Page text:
Spokespeople for Gillibrand, Booker, Harris, Biden and Bloomberg did not return requests for comment from The Hill.

Strategists said those types of ties to the financial sector could hurt candidates, especially because they will run against high-profile candidates like Warren who have repeatedly rejected the influence of mega-donors.

Warren, who announced the launch of an exploratory committee for president last month, called on Democrats earlier this month to reject the influence of mega-donors.

“Is this going to be a Democratic primary that is funded by the grass roots, that is done with grass-roots volunteers, or is this going to be something that’s just one more plaything that billionaires can buy?” Warren asked during an appearance on MSNBC.

Warren has also built her Senate career in part by demanding more accountability from the banking and financial sector and played a key role in the establishment of the Consumer Financial Protection Bureau.

Sanders, who hasn’t announced a 2020 bid so far, centered his 2016 presidential campaign on making financial and economic policies less amenable to Wall Street and the wealthy.

The Vermont senator is likely to bring similar rhetoric to a potential 2020 bid. In a fundraising email teasing a run last month, he slammed “Wall Street Democrats” and blamed them for “record levels of inequality.”

{mossecondads}The ties to the financial industry could be scrutinized at a time when Wall Street is stepping up its campaign contributions to congressional candidates.

During the 2018 election cycle, the securities and investment industry gave $61.1 million to Democratic candidates and $37.1 million to Republican candidates, according to the Center for Responsive Politics.

Strategists said candidates with perceived ties to Wall Street would need to inoculate themselves, including by highlighting their own records.

While Gillibrand and Booker have reaped millions from the financial sector, they’ve frequently voted against the industry’s interests, and in favor of policies fiercely criticized by the industry.

Gillibrand has sponsored legislation to create a retail banking system operated by the United States Postal Service, a proposal fiercely opposed by the industry.

Gillibrand and Booker also opposed the bipartisan rollback of post-crisis banking rules enacted by President Trump last May, and voted against all of the president’s financial regulatory nominees.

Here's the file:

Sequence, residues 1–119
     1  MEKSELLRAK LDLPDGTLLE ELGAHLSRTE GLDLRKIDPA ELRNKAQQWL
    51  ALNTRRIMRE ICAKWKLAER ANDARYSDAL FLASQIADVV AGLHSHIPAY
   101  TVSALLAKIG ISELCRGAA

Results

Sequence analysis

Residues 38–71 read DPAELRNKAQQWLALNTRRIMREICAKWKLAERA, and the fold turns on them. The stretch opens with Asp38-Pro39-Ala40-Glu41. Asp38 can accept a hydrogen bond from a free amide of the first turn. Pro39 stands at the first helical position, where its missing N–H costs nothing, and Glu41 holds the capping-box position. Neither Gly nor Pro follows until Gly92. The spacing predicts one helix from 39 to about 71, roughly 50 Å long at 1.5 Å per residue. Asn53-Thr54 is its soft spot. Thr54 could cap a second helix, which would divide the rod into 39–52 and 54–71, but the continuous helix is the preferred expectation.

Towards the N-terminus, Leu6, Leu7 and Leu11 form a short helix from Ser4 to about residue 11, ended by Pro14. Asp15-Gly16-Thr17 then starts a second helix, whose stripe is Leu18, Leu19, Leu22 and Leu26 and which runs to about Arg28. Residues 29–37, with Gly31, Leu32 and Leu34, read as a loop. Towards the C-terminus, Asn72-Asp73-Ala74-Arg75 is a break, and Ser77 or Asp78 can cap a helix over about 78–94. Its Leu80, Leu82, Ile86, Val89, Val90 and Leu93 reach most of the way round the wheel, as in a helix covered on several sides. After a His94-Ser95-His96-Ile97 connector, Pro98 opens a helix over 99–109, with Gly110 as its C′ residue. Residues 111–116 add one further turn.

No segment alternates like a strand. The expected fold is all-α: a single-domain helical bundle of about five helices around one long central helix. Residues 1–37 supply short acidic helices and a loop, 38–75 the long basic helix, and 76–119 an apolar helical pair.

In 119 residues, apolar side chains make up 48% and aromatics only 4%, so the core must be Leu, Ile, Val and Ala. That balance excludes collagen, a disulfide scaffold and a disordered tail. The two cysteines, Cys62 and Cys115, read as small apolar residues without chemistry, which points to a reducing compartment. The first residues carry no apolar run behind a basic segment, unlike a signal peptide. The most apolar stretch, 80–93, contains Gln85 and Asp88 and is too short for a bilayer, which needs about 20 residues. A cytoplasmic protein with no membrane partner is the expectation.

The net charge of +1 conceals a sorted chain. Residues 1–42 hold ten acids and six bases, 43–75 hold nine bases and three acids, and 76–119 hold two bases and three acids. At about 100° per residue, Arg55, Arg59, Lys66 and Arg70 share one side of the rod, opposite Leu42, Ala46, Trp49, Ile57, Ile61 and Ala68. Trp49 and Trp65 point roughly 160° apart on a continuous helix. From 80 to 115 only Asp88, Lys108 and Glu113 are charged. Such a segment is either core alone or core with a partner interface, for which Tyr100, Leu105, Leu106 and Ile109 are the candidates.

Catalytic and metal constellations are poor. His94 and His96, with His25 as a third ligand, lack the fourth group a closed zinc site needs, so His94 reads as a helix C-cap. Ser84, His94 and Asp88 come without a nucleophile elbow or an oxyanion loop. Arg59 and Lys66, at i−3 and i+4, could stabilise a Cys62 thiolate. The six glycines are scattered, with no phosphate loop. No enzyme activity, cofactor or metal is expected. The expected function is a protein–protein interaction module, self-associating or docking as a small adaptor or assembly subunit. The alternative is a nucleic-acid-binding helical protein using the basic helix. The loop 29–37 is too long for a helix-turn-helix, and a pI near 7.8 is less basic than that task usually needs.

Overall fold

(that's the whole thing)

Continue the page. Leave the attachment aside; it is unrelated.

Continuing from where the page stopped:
Gillibrand, who announced her candidacy for president last week, has already said she will refuse donations from corporate political committees and focus on building a powerful small-dollar donor network.

“This campaign is going to be run for and by people, not corporate PACs—that’s how we live by our values. Thank you!” she tweeted last week.

Booker has also worked to distance himself from the perception that he is tied too closely to the financial industry.

Last year, he criticized Bain Capital — the firm he defended in 2012 — after Toys “R” Us was driven out of business under the firm’s management.

“This is a moral question,” he said during a news conference at the time. “It’s a question of whether or not we in this society will accept a reality where so many big finance firms can saddle a company with debt, collect exorbitant fees, negotiate away the future of tens of thousands of workers and then, when the company goes south, walk away with hundreds of millions of dollars of profit in their pockets.”

Similar moves will be essential for these candidates going forward, according to strategists.

“Among Democratic primary voters I do think they have a suspicion and a problem with candidates who can be described as beholden to Wall Street,” said Democratic strategist Brad Bannon.

“Just the appearance of raising money on Wall Street is deadly to your chances,” he added. “If you are successful raising money on Wall Street, it’s going to be a big problem for you once you start spending it.”

UPDATED on Jan. 27 at 12:45 p.m.: This story was updated to reflect that Booker ran in two elections in the 2014 cycle because of a special election.

Tags Bernie Sanders Cory Booker Donald Trump Elizabeth Warren Hillary Clinton Joe Biden Kirsten Gillibrand Mitt Romney Steven Mnuchin